Taiwan and Japan signed their first investment accord, strengthening economic ties and stepping closer toward negotiating a free-trade deal.
The treaty provides for investment protection, promotion and liberalization, Peng Run-tsu, chairman of Taiwan’s East Asia Relations Commission, said today in Taipei after signing the agreement with Mitsuo Ohashi, the chairman of the Japan Interchange Association.
Taiwan’s President Ma Ying-jeou, striving for re-election in January on a platform of economic progress, aims to lure more investment into the island’s $355 billion economy. At the same time, Japanese companies such as Panasonic Corp. plan to move production abroad as a stronger yen hurts profits, and after Japan’s March 11 temblor damaged factories, showing the benefits of diversifying overseas.
“Taiwan has always wanted to attract investment from Japan, and with the strengthening yen, Japan may find the timing is right for such an agreement,” Aidan Wang, an economist at Yuanta Securities Investment Consulting Co. in Taipei, said before the announcement. “This pact may be a stepping stone toward a free-trade agreement.”
The yen has surged more than 10 percent against the dollar in the past year and reached a post-World War II high of 75.95 last month, buoyed by the search for so-called safe havens to counter risks from a faltering global recovery. Taiwan’s Taiex stock index slid 3.1 percent today as investors pare bets on emerging markets.
The Taiwan-Japan accord gives citizens of both economies equal treatment in certain investments, the Ministry of Economic Affairs said in a statement today.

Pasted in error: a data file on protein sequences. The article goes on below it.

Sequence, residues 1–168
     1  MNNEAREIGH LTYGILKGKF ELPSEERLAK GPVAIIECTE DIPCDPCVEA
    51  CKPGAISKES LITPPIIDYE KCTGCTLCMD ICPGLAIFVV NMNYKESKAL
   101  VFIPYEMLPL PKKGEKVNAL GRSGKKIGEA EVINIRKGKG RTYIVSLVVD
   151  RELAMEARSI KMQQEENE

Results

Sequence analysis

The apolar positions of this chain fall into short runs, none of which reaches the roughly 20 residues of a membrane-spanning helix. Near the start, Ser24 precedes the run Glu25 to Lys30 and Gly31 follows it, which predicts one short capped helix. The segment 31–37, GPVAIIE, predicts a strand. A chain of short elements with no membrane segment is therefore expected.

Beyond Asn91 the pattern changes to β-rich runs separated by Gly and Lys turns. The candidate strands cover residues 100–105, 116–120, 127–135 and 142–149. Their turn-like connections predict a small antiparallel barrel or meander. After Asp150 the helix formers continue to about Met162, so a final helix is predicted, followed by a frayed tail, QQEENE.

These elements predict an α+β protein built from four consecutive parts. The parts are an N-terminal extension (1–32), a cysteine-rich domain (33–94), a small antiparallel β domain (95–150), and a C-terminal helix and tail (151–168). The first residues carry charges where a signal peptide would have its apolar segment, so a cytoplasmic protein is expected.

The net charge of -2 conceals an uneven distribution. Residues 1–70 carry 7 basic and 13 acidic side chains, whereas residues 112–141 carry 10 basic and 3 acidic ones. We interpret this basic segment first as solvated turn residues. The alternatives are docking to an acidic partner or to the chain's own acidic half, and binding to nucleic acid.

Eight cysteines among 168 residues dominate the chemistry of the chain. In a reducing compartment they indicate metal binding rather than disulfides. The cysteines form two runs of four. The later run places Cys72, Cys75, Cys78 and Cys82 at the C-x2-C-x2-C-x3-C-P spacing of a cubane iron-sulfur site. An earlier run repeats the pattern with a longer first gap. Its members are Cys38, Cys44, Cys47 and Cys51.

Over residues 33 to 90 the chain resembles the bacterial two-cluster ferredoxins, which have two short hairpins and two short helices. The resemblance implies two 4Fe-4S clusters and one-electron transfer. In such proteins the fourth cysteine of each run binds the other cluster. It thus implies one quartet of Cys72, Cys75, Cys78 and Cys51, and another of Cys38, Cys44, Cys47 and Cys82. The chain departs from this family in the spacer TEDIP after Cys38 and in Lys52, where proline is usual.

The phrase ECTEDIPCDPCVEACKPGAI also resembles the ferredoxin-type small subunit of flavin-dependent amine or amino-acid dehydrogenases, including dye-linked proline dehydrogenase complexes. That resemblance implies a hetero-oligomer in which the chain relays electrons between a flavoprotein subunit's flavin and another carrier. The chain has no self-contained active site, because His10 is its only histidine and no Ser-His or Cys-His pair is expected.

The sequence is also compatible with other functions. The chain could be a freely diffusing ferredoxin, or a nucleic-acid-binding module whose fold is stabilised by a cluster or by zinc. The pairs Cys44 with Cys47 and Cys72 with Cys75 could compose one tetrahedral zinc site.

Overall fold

The investment deal with Japan, Taiwan’s second-largest trading partner, paves the way for further talks about trade liberalization, Taiwan’s Ministry of Foreign Affairs said in a separate statement.
Japan’s magnitude-9 earthquake and ensuing tsunami killed thousands, disrupted power supplies and reduced production at companies from Toyota Motor Co. to Sony Corp.
“Disruption after the March earthquake has prompted Japanese firms to diversify risk,” said Tony Phoo, an economist at Standard Chartered Plc in Taipei. Taiwan’s proximity to Japan is among the reasons that “bode well” for its role as a backup production base, he said.
Taiwan and its former civil-war foe China signed their first trade deal last year, part of a rapprochement that’s boosted Ma’s scope to seek similar accords with neighbors such as Singapore without irking officials in Beijing.
Talks with Singapore over a free-trade agreement continue and have yet to reach a conclusion, Taiwan’s Minister of Economic Affairs Shih Yen-shiang told journalists earlier today.
Taiwan’s export-led economy expanded 5.02 percent in the three months through June from a year earlier, the slowest pace since a 1.21 percent contraction in the third quarter of 2009.
Japan, which ruled Taiwan for 50 years until its defeat in World War II, has invested $16.5 billion in Taiwan since 1952, according to Ministry of Economic Affairs data.
China views Taiwan as part of its territory and has threatened to invade if the island declares independence.